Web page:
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IU unveils $15M donor for biz-school expansion

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Bigger and better surroundings for undergrads at Indiana University’s Kelley School of Business will be named Hodge Hall, in honor of an alumnus who is giving $15 million for the project.

IU publicly thanked James Hodge, an Indiana native who is president of Permal Asset Management Inc. in New York City for the gift, which he pledged anonymously in 2009.

Hodge, 59,who was born in Marion, said he decided to go public about the donation in hopes of spurring more giving toward the $60 million project.

“I’m getting older,” he said. “I better say something about it while I know what I’m talking about.”

Construction is due to start this spring on an expansion to the original undergraduate facility, built in 1966. IU has raised enough to start that phase of the project, which is estimated to cost $30 million.

The university is still seeking another $30 million for a second phase of renovations. The whole project is supposed to be wrapped up in five years.

IU said the project will create spaces that allow Kelley faculty to provide “technology-mediated experience that will literally bring the world to Bloomington.”

Dan Smith, dean of the Kelley school, said the building project will “transform the way in which we approach business education and, in the process, fundamentally improve the lives of students for years to come. And none of this would have been possible were it not for Jim’s incredible generosity.”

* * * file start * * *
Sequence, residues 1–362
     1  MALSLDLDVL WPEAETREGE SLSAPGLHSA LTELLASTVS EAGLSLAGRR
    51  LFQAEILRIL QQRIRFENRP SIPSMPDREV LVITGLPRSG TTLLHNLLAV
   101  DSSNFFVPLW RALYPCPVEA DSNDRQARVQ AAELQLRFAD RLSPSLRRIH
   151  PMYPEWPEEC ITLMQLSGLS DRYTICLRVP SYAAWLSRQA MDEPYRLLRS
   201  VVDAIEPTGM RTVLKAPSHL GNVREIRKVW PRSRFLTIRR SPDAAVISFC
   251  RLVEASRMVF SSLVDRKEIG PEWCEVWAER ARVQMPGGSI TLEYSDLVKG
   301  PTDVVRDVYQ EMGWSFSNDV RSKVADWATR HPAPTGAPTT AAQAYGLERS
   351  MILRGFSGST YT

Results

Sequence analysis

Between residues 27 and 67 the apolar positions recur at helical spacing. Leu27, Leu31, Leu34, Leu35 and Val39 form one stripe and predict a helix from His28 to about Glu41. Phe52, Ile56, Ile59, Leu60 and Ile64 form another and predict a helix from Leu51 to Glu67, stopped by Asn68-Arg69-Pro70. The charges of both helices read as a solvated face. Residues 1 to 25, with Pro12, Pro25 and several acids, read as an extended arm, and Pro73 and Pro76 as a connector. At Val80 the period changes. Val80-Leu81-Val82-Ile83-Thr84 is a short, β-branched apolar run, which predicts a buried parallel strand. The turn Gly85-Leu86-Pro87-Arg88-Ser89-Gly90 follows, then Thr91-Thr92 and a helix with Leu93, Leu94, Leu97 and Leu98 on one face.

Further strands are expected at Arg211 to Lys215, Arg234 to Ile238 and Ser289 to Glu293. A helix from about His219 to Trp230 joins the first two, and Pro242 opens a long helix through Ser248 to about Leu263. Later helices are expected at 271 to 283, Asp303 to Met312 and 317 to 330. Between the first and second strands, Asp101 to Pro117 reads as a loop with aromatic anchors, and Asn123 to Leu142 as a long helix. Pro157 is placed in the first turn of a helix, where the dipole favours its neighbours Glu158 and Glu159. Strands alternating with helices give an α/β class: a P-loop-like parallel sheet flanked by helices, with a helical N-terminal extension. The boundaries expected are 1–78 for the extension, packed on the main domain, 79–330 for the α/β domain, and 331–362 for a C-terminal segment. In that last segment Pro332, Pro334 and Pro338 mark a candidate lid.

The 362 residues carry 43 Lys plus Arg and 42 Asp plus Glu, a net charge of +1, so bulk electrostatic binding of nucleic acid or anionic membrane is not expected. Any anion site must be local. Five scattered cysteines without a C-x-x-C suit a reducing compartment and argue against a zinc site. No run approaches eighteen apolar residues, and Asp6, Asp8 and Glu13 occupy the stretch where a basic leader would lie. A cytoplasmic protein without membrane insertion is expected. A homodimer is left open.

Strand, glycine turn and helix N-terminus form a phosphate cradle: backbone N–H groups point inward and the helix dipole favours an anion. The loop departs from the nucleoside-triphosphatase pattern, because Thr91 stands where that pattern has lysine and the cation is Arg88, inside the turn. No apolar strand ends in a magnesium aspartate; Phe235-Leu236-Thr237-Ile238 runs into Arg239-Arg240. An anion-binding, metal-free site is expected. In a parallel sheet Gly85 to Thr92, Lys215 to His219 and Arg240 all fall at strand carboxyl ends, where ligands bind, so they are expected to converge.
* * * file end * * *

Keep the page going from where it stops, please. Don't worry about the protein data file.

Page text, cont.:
With 4,000 undergraduates enrolled, the Kelley school’s existing classrooms are 100-percent booked, and the school routinely turns away more than 500 qualified applicants because of space limitations, according to an IU press release. The project will add more than 20 new classrooms.

He credits the Kelley faculty with boosting his confidence and imparting important lessons that he still uses in business. In his first meeting with Leslie Waters, the professor explained that he couldn’t accept a small gift, a pen-and-pencil set, from a student who was about to graduate because it was prohibited under university policy.

“I think a number of people from my financial services world would have benefitted from this early lesson, with some of them paying heavy career prices for accepting small gifts like tickets to sporting events,” Hodge said.

Waters, his faculty adviser, also told him, in not so many words, to ‘man-up’ and take calculus, Hodge said.

“I generally think that whatever’s gone right for me in my career was started the day I walked into Waters’ office,” he said. “In Bloomington, the sun came out for me.”